Yarker, John. (1909). The Arcane Schools: A Review of Their Origin and Antiquity with a General History of Freemasonry and Its Relation to the Theosophic, Scientific, and Philosophic Mysteries. William Taft.

Atwood, Mary Ann. (1976). A Suggestive Inquiry into Hermetic Mystery. Yoga Publication Society. ISBN-10: 0911662642; ISBN-13: 978-0911662641.

Blavatsky, H.P. (1921). The Secret Doctrine: Religion and Philosophy. (Vols. 1-3 & Index). London: Theosophical Publishing.

Boehme, Jacob.(1911). The Forty Questions of the Soul and The Clavis. (John Sparrow, Trans.). London: John M. Watkins. Facsimile Edition Sure Fire Press, 1993

Leadbeater, C.W. (1923). The Monad & Other Essays Upon The Higher Consciousness. American Theosophical Society.

Mead, G.R.S. (1906). Thrice Greatest Hermes: Studies in Hellenistic Theosophy and Gnosis: Being a Translation of the Extant Sermons and Fragments of the Trismegistic Literature With Prolegomena Commentaries and Notes. (3 Vols.). London, Benares: Theosophical Publishing Company.

Pike, Albert. The Book of Words: Sephir H’Debarim.(1999).Washington, DC. The Scotish Rite Research Society.

Plummer, George Winslow. (1918). A Masonic Compendium to the Sacred Books and Early Literature of the East: Being a Digest of all Allusions to the Antiquity, Archaeology, and Ceremonial. with a Guide to Masonic Research. New York: Masonic Publishing Company.

Thorndike, Lynn. (2005). The Place of Magic in the Intellectual History of Europe. (Joel Radcliffe, Ed.) Seattle, Washington: Ars Obscura Press. ISBN: 0-9623780-9-7.

van den Broek, R. & Hanegraaff, Wouter J. (Eds.) (1997). Gnosis and Hermeticism from Antiquity to Modern Times. State University of New York Press. ISBN-10: 079143611X; ISBN-13: 978-0791436110.

Appendix 3 - Topical Reading List

[I] Pratt, Mason. (2006-2010). The Different Types of Freemasons. in Edward J. Wildblood Jr. Vermont Lodge of Research #110. Retrieved April 21, 2012 from http://www.vermontlodgeofresearch.com/Publications/Official/Different%20Types%20of%20Freemasons.pdf.

[II] Davis, Robert G. The Path of the Esotericists Among Us. in Essays of Robert G. Davis. April 15, 2010. Retrieved April 21, 2012 from http://robertgdavis.blogspot.com/2010/04/path-of-esotericists-among-us.html.

[III] Bransgrove, Stanley J. Toward a Fraternal History of Marin County: A Survey of Secret Societies being a General History of Various Fraternities and Their Specific Impact in Marin. Retrieved April 22, 2012 from http://mill-valley.freemasonry.biz/marin-fraternities-01.htm.

[IV] Fringe Freemasonry. National Heritage Museum. Retrieved April 22, 2012 from http://nationalheritagemuseum.typepad.com/library_and_archives/fringe-freemasonry/.

[V] Palmer, John C. (1925). Morgan and anti-Masonry. in The Little Masonic Library, Vol. 7. Richmond, Va. Masonic Service Association of the United States. Macoy Publishing & Masonic Supply Company, Inc.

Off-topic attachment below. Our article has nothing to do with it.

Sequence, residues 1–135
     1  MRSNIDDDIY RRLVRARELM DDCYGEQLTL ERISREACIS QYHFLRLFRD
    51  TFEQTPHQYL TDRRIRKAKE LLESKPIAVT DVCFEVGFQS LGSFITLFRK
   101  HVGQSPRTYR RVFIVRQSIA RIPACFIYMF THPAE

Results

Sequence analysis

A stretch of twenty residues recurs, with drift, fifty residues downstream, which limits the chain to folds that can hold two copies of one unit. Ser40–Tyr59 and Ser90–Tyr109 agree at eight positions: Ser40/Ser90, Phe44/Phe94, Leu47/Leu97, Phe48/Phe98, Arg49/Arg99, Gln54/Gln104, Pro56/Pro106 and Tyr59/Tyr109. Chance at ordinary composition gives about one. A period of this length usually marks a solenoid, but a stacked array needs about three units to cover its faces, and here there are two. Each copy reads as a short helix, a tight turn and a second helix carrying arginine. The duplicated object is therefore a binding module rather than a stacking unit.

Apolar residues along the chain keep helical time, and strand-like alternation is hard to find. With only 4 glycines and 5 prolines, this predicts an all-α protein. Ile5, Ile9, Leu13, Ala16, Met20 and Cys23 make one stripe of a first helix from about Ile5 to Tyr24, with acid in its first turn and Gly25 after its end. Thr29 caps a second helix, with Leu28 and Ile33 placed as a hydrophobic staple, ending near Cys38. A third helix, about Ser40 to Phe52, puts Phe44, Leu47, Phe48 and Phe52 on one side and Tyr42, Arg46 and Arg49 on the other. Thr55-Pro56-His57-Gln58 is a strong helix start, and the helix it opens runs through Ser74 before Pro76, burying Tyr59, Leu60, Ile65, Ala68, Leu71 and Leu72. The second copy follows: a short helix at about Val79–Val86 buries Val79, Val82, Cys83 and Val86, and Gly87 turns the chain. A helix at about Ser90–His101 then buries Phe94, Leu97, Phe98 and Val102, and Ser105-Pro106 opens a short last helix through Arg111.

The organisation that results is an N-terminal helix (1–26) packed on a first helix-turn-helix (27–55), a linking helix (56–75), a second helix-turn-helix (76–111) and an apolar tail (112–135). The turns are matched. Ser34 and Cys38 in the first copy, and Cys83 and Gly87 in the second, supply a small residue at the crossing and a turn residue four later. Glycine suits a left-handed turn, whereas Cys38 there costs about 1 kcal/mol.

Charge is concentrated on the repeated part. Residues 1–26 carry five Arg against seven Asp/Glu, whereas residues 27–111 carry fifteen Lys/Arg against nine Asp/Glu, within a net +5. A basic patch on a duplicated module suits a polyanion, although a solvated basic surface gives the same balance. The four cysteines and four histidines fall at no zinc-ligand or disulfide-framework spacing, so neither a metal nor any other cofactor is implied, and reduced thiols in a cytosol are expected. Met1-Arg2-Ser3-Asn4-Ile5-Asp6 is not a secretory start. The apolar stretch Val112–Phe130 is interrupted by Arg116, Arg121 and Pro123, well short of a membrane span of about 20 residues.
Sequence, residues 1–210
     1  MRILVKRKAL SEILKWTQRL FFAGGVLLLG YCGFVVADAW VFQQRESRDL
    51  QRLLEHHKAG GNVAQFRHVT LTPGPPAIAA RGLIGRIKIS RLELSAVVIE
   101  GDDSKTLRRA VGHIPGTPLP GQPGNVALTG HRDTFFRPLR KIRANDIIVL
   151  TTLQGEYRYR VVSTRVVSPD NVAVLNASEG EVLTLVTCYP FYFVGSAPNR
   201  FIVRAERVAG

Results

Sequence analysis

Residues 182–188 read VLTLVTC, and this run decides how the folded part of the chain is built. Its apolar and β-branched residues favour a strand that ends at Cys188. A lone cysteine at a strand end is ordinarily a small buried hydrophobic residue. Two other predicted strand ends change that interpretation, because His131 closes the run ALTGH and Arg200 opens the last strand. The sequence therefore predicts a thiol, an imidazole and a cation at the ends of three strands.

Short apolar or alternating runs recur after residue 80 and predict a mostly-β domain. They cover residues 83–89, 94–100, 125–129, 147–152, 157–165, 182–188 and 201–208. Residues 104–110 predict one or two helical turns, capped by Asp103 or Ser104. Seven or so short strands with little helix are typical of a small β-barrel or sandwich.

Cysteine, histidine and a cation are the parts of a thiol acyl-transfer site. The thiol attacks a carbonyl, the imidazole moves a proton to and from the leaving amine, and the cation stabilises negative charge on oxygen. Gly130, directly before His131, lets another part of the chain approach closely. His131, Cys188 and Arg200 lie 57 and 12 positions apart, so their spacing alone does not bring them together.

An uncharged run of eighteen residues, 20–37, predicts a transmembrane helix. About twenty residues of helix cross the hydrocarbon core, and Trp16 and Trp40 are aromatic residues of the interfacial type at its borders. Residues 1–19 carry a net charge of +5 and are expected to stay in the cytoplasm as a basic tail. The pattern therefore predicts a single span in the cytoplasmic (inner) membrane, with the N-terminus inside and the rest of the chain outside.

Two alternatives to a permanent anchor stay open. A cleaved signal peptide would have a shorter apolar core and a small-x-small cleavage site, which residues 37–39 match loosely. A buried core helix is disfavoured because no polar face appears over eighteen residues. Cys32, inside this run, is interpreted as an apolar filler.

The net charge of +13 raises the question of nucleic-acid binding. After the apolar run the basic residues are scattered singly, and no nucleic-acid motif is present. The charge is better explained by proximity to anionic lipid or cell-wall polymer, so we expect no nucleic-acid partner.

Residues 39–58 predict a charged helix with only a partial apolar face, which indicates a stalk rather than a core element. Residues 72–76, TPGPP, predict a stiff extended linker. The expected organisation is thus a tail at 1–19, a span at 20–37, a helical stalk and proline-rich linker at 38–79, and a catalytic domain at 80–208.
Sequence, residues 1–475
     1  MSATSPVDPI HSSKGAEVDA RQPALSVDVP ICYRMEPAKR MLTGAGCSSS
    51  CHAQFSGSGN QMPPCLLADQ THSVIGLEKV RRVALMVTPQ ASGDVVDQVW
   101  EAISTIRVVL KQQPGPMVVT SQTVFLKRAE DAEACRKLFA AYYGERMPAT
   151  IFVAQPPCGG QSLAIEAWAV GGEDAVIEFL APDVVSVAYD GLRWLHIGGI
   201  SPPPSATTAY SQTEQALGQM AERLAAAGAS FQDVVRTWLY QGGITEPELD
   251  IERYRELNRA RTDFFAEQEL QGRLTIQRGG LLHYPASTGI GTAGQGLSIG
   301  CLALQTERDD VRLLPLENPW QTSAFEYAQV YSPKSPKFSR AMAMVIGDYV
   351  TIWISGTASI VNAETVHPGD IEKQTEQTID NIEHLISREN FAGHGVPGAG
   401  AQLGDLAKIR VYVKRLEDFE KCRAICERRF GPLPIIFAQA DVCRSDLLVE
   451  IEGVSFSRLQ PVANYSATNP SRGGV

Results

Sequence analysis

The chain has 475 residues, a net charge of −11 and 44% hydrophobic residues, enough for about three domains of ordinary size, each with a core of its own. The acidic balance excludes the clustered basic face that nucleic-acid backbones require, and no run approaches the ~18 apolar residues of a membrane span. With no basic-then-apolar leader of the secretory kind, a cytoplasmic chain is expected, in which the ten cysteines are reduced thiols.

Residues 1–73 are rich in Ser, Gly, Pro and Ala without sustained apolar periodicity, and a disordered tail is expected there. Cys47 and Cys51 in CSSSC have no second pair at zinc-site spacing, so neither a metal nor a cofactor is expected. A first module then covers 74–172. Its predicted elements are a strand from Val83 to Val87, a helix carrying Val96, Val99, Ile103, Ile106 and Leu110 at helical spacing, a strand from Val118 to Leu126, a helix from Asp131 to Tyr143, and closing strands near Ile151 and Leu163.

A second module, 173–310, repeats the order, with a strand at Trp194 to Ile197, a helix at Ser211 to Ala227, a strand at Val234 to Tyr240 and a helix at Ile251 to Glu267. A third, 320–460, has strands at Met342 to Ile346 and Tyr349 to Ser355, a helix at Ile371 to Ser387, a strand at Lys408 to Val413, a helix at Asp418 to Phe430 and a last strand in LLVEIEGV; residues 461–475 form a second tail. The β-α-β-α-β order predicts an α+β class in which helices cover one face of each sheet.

[VI] Presscott, Andrew. (2000). The Unlawful Societies Act of 1799. in the Centre for Research into Freemasonry and Fraternalism, University of Sheffield. Retrieved April 20, 2012 from http://freemasonry.dept.shef.ac.uk/index.php?lang=0&type=page&level0=243&level1=387&level2=393&op=746.

[VII] Huntington, Pope Catlin. (1886). The True History Regarding Alleged Connections of the Order of Ancient Free and Accepted Masons with the Abduction and Murder of William Morgan in Western New York in 1826. New York: M.W Hazen. Available: Baylor University, Poage Library, Gallery II. Call no. HS525 .H8 1886.

[VIII] Humanum Genus: Encyclical of Pope Leo XII on Freemasonry. Retrieved April 23, 2012 from Vatican Website at http://www.vatican.va/holy_father/leo_xiii/encyclicals/documents/hf_l-xiii_enc_18840420_humanum-genus_en.html

[IX] Barber, Malcolm. (2006). The Trial of the Templars. New York: Cambridge University Press.

[X] Burkeman, Oliver. The Guardian. "Knights get an apology from the Vatican 700 years too late", 11 October 2007.Retrieved April 23, 2012 from http://www.guardian.co.uk/g2/story/0,,2188125,00.html.

[XI] Reilly, Gerald. (2007). Freemasonry: A Peculiar System of Morality?. In Candide’s Column, Pietre-Stones Review of Freemasonry. Retrieved April 17, 2012 from http://freemasons-freemasonry.com/column 1207.html.

[XII] Wilmhurst, W.L. (1999). The Meaning of Masonry. New York: Barnes & Noble. ISBN: 0-7607-1092-9.

[XIII] Jung, Carl Gustav. (1969). The Structure and Dynamics of the Psyche. in Collected Works of C.G. Jung, Volume 8.Gerhard Adker (trans.). Princeton, New Jersey: Princeton University Press.

[XIV] Marcus, Richard D. (1997-2010). A Stroll Through the Seven Liberal Arts and Sciences. in Masonic World. Retrieved April 22, 2012 from http://www.masonicworld.com/education/files/artjan02/marcus/sevenliberalartsandsciences.htm.

[XV] Matt, Daniel (trans.).(2003 - 2011). The Zohar: Pritzker Edition. 6 Vols. Stanford University Press.

[XVI] Mayer, Toby (Trans). Arabic/English. (2009). Keys to Arcana: Shahrastani's Esoteric Commentary on the Qur'an. Oxford University Press. ISBN-10:199533652; ISBN-13:9780199533657.

[XVII] Strong, James. (1991). The New Strong’s Exhaustive Concordance of the Bible: Classic Edition. Thomas Nelson. ISBN-10: 078526096X: ISBN-13: 978-0785260967.

[XVIII] Bartlett, Harriet Tuttle. (2009). An Esoteric Reading of Biblical Symbolism. Bibliolife. ISBN-10: 110304740X; ISBN-13: 9781103047406.

[XIX] Sanctum Sanctorum Education Foundation. http://www.thesanctumsanctorum.com/.

[XX] Pietre-Stones Review of Freemasonry. Bruno Gazzo (Ed.). http://www.freemasons-freemasonry.com/.

[XXI] Rose Circle Research Foundation. http://www.rosecircle.org.

[XXII] Builders of the Adytum. http://www.bota.org.